Look at those windows!

There's a loft where my three uncles used to sleep, while my mom got her own bedroom. Lucky duck

We ate some mulberries while we were out there. Yummm

This is just some random door near my grandparents' property that leads to somewhere mysterious.
I think it's somewhere amazing and beautiful, like a secret garden. John, on the other hand,
claims it goes to an evil lair. Boys...

Now, shall we get on to what we did other than stare at architecture? Meet my uncle Stephen.

I don't know what kind of knife that actually is, but let's refer to it as a
machete, because that's probably the only kind of knife I can name.

Why does my uncle have a machete in his mouth? Let's back up a sec. The Browns are a much more fun/exciting/adventurous group than I am. Seeing my husband up there on that teeny tiny platform made my risk-averse hear skip a beat, even though I've been up there a thousand times.

John just got a few inches taller...
Why is John standing on a giant platform? To jump off, of course!

John's first time on the bag swing

So, back to the machete. My uncle decided there were tree limbs that were getting in the way of the bag swing rope, so he scaled the tree to cut them down. I'm kicking myself for not taking a panoramic shot of how long the rope is, but it's a long way to the top. You can kind of tell in the picture below.

And in case you're wondering about how my risk-averse self was feeling as my uncle hovered over my husband with a machete in his mouth, I felt great about it.

Don't mind the fact that John's in a different shirt. I took these over different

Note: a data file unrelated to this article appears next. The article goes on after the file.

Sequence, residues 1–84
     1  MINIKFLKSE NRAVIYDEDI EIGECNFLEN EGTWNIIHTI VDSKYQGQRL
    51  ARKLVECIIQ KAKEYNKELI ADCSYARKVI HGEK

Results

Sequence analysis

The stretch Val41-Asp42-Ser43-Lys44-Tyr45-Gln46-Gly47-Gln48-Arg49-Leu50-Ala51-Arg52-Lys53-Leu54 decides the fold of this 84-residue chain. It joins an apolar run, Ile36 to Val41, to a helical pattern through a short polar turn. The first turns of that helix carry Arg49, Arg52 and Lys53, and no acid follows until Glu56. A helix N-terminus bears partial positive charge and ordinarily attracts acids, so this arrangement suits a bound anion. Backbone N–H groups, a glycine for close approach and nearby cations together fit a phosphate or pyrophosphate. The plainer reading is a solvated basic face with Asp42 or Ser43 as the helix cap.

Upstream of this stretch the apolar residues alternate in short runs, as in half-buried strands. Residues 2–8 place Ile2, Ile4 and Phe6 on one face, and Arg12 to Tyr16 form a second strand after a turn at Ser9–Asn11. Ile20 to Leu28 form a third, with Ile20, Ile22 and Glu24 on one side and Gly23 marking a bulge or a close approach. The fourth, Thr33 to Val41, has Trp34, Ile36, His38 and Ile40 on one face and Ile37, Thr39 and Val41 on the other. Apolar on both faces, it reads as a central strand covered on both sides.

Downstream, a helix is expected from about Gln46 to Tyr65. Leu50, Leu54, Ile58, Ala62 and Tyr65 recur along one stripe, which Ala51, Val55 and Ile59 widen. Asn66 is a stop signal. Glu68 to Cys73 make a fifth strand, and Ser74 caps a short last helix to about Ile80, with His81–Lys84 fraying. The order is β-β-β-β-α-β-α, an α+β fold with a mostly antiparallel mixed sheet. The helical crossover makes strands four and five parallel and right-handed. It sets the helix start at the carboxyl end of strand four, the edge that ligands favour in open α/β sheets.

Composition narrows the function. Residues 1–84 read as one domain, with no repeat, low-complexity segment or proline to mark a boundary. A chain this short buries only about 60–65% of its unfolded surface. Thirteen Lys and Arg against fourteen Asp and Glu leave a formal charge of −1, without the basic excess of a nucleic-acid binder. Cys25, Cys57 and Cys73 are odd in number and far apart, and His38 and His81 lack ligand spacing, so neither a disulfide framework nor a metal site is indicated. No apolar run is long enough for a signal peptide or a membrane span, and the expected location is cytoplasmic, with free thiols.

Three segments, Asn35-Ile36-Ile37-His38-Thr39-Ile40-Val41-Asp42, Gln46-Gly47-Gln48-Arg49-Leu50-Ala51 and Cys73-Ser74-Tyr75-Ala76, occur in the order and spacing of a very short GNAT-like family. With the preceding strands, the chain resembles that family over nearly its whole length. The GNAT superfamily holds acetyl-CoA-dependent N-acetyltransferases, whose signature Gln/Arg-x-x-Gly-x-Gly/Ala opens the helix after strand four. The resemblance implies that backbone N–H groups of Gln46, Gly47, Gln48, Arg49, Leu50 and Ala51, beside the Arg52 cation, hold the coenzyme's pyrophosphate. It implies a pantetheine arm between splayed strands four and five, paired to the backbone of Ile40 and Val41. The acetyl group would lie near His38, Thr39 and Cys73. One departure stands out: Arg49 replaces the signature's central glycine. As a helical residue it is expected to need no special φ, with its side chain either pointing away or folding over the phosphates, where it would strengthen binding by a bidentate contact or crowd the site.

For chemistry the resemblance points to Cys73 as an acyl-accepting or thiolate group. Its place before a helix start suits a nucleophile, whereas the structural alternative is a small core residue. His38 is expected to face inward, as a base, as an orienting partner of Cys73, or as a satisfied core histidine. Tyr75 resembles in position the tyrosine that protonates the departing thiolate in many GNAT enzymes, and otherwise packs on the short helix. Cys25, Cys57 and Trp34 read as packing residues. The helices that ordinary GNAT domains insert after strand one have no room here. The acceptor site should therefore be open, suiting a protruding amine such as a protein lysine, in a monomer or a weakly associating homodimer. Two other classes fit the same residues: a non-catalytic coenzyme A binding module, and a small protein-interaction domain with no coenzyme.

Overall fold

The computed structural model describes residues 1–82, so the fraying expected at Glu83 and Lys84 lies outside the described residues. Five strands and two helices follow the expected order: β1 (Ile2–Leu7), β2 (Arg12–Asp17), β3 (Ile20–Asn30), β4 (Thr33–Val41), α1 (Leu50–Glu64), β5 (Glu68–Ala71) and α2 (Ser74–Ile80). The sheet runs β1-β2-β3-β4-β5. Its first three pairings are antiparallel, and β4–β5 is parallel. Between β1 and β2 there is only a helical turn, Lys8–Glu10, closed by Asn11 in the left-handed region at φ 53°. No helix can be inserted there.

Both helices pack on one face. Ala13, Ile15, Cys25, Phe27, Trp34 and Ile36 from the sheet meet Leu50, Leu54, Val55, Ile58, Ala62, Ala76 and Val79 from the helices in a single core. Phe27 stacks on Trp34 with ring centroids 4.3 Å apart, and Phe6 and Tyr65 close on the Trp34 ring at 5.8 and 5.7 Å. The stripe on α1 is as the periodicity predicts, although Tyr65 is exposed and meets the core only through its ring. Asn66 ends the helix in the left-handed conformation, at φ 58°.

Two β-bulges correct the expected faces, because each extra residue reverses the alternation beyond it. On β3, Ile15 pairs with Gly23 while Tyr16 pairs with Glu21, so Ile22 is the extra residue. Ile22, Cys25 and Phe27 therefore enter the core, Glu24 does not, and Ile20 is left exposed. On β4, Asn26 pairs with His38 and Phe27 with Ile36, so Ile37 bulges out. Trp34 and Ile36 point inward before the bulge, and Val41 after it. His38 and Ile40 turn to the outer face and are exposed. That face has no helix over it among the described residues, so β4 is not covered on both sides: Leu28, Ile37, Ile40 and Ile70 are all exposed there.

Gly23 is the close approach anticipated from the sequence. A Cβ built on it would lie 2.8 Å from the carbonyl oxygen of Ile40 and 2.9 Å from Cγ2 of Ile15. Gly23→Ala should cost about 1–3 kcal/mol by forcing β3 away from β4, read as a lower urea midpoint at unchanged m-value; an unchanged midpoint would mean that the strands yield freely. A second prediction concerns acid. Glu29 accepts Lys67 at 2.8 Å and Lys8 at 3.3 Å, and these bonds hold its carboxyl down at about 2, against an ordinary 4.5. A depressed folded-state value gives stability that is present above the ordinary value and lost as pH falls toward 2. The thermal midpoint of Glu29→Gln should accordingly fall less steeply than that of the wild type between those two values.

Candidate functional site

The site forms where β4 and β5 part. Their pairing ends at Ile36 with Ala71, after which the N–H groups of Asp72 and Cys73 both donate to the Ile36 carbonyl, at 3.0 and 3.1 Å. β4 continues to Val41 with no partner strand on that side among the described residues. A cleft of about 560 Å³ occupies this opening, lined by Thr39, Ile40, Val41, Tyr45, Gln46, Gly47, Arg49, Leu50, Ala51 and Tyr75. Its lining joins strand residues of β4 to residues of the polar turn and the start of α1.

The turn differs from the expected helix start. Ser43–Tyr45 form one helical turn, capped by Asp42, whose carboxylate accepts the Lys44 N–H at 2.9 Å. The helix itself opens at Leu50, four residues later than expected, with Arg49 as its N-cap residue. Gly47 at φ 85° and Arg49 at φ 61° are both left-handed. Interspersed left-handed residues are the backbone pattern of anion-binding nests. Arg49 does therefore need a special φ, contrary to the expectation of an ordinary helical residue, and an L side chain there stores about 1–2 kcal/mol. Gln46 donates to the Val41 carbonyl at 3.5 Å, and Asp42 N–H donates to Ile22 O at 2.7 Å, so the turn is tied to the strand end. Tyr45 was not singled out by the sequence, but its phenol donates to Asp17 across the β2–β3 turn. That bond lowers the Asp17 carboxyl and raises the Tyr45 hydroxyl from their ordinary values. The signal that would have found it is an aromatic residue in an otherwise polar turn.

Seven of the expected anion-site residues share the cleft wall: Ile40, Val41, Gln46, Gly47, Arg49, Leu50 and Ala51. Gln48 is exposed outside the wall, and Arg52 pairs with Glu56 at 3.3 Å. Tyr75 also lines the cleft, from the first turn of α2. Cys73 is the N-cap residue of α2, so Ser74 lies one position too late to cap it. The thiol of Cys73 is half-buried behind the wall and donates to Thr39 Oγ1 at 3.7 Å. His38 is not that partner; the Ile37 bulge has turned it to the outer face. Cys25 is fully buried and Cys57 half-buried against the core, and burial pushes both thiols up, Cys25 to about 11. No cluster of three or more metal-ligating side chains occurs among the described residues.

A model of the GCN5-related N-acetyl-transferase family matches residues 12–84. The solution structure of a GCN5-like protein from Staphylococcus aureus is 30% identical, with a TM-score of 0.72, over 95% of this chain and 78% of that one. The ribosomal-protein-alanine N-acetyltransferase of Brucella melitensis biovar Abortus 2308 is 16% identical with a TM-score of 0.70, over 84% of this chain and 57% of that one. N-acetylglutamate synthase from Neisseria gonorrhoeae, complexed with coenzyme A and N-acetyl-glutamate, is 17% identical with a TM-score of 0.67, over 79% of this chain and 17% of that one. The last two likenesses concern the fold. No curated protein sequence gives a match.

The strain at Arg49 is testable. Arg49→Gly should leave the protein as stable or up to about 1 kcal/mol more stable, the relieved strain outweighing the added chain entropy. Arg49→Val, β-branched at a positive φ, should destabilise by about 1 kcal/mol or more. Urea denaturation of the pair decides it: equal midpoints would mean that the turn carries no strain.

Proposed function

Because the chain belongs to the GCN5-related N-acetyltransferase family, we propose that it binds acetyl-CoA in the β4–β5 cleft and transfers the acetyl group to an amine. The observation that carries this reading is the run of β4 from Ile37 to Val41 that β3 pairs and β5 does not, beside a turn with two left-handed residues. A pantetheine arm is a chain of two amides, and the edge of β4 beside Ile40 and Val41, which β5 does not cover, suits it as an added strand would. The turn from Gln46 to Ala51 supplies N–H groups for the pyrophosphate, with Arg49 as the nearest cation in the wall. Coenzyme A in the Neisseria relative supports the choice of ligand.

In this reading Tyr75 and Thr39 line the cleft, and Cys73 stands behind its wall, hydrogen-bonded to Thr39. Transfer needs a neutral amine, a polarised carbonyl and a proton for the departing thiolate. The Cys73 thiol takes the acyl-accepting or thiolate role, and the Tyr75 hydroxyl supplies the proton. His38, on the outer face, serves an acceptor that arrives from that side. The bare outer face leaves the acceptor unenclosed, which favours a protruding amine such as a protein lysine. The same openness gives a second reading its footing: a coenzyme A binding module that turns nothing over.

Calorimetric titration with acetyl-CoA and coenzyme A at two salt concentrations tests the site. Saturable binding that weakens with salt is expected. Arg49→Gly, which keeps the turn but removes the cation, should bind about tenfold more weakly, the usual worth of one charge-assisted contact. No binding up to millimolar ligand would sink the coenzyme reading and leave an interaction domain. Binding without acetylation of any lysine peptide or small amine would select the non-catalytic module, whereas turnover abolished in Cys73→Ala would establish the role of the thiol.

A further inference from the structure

days. Mah bad

My turn!


It's a shame you can't tell how high up I am in this picture... but it's high!

Aunt Kathie, Uncle Stephen, me, and John

In the name of tradition, which, if you know me, you know is very important to me, we started each morning at the bagel factory.

Best bagel I've ever had... ahhhhh

John was very sweet and learned how to make rubber band bracelets. Perhaps an Etsy shop is in his future? ;)

For Easter, we dyed some eggs. Sarah, Margaret, and Lili are my (not-so-little) little redheaded cousins.

My grandfather, Robin, my grandmother, Jan, me, and John
Me and my great aunt Susie. Isn't she beautiful?!

My grandfather and uncle were working on some device with unknown purpose in my
grandfather's workshop. During his waking hours, if he's not eating a meal,
he's guaranteed to be found out there

The gang went to a classical concert one night. Another one of my cousins, Emily, is in the top right.

Outside of the art center, which is where the concert was held, were these amazing
light installments that cast shadows all over the ground and the building

Ahhh, what a trip! I'm very glad we went. I somehow never managed to get a picture of us with my other aunt and uncle, Stacey and Stuart. Dang! Later on, I'll post about a DIY jewelry project I did with my aunt Stacey and you will literally think I performed magic. Seriously. I won't let you down.